O’Brien said he was never in the running for Letterman’s spot anyway. “Whenever I would hear there was speculation (that I’d take over the Late Show), I was like, ‘No. What?’ I’m happy,” said O’Brien, whose TBS talk show has been renewed through November 2015. “I get to do what I want.”

[AP]

MORE: The Best of Stephen Colbert

TIME Television

David Letterman Is Ending Late Night’s ‘Greatest Run’

David Letterman
In this photo provided by CBS, David Letterman, host of the “Late Show with David Letterman,” waves to the audience in New York on Thursday, April 3, 2014, after announcing that he will retire sometime in 2015. Jeffrey R. Staab—CBS/AP

During a taping for his Late Show program Thursday, host David Letterman announced that he will be retiring in 2015, so ending more than three decades in late night entertainment and perhaps the most influential run in talk shows and comedy

This just in from the Home Office at the Ed Sullivan Theater: David Letterman announced to his Late Show audience today that he will be retiring sometime in 2015. This will end more than three decades in late night and maybe the most influential run in talk shows and comedy, period. “I just want to reiterate my thanks for the support from the network, all of the people who have worked here, all of the people in the theater, all of the people on the staff, everybody at home, thank you very much,” Letterman said. “What this means now is that Paul [Shaffer] and I can be married.”

We have a lot of time to process this and pay tribute to his brilliance — Letterman’s retiring, after all, not dying, and not for a year — but for now, a few thoughts on what this means:

* The Jay Leno Connection. No, I’m not saying that CBS is going to give Leno Letterman’s job. (Though begin popping the popcorn if it happens.) But I do have to wonder if Leno’s retirement wasn’t part of the impetus for Letterman to call it a day. After Leno left Tonight in 2009, the Letterman crew hoped it would be Letterman’s chance to rule the late-night ratings in the last stage of his run. But Conan O’Brien was gone in half a year, Letterman fell behind Leno again, and it doesn’t look like he’s catching Jimmy Fallon, the new standard-bearer of anti-snark, anytime soon. But he’s outlasted Leno, and — having begun his career as an iconoclastic anti-showbiz host and grown into a reflective elder TV statesman — it probably seems time to end things on his own schedule.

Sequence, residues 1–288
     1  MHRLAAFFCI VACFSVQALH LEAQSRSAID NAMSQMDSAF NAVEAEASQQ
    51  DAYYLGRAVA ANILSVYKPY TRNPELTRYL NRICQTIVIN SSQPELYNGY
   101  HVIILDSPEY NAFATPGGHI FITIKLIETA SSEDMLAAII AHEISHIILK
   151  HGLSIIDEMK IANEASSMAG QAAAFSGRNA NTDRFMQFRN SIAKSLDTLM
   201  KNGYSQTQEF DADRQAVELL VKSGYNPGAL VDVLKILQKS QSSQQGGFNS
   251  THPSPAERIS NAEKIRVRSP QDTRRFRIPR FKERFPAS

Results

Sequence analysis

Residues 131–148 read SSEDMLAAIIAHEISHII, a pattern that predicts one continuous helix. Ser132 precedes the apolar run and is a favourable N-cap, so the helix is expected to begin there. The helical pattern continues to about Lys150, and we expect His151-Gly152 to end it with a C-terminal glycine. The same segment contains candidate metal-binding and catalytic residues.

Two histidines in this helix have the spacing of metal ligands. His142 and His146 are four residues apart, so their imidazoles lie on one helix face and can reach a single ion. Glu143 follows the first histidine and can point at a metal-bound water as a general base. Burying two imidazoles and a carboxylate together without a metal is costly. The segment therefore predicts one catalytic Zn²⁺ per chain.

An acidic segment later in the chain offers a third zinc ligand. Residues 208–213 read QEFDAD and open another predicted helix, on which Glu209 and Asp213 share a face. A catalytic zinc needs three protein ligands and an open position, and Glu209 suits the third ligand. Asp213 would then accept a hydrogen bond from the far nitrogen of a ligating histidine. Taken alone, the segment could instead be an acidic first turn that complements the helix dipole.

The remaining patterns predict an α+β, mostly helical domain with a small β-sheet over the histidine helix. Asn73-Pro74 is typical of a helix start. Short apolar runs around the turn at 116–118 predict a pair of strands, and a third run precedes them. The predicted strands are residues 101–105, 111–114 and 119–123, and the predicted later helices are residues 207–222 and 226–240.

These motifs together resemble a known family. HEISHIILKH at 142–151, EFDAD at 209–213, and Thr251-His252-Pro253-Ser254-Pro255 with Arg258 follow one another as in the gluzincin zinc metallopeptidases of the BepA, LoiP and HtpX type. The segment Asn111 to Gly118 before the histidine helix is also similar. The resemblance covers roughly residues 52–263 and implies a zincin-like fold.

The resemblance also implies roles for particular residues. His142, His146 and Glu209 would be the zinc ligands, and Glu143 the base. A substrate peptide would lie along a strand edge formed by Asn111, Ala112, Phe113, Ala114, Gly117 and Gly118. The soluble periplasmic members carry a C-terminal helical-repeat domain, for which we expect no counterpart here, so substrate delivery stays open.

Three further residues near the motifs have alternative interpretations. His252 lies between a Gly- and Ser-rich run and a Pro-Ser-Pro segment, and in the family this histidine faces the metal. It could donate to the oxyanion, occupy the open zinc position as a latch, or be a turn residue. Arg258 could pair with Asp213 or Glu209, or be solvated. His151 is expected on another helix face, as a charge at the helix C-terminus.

* The Succession. Now comes the volley of rumored candidates to succeed Letterman. Many of the suggestions will be brilliant hosts and comedians who nonetheless are probably better off hosting anything but an 11:35 show on CBS. Craig Ferguson’s conversational quirk is perfect for late-late night, where it already is. (Before you say it: Yes, Ferguson has a paper deal to take the time slot, and no, it’s not cast in stone if CBS wants to pay him off.) Ditto Jon Stewart and Stephen Colbert, whose names are already being tossed around. (O’Brien is another matter, but it would be interesting to see if CBS wants him, and if he wants it.) But first I’m interested to see if CBS is committed to the idea of keeping a traditional late-night interview show, period. When Late Show began in 1993, there was only Tonight to compete with; now there’s ABC, and cable besides. CBS did something radical by hiring Letterman in the first place; will it do something radical again?

* The Legacy. When I say Letterman was the dominant late-night figure of his era, someone will probably say — someone always does — that can’t be true, since he rarely had the highest ratings. Influence, though, isn’t something you measure by one show. It’s Letterman’s Late Show and Late Night – not Leno’s or even Johnny Carson’s, really — that you see reflected in the style and attitude of one late-night show after another: Comedy Central’s satires, O’Brien and, really, probably just about every comedy writers’ room in TV to one extent or another.

Really, Letterman’s successor has already been named, in the form of all of those people — as well as in his current competitors. There’s a bit of him even in the nice-guy Fallon, and a whole hell of a lot in Jimmy Kimmel, who has already responded to the news. “David Letterman,” he tweeted, “is the best there is and ever was.”

Amen. And now it’s time for CBS to think about the “will be.”

Update: Some followers on Twitter have already taken the headline of this piece as a slight against Johnny Carson. They’re both greats. Carson ruled late night for three decades (though he didn’t invent the format) and David Letterman defined the tone of comedy for decades. For that, I’d put Letterman slightly higher — slightly! – but I’m also not interested in making this a Highlander-style showdown between two of the best broadcasters there ever were. If you prefer Carson, here’s a tribute I wrote to the Great Telecommunicator when he died in 2005.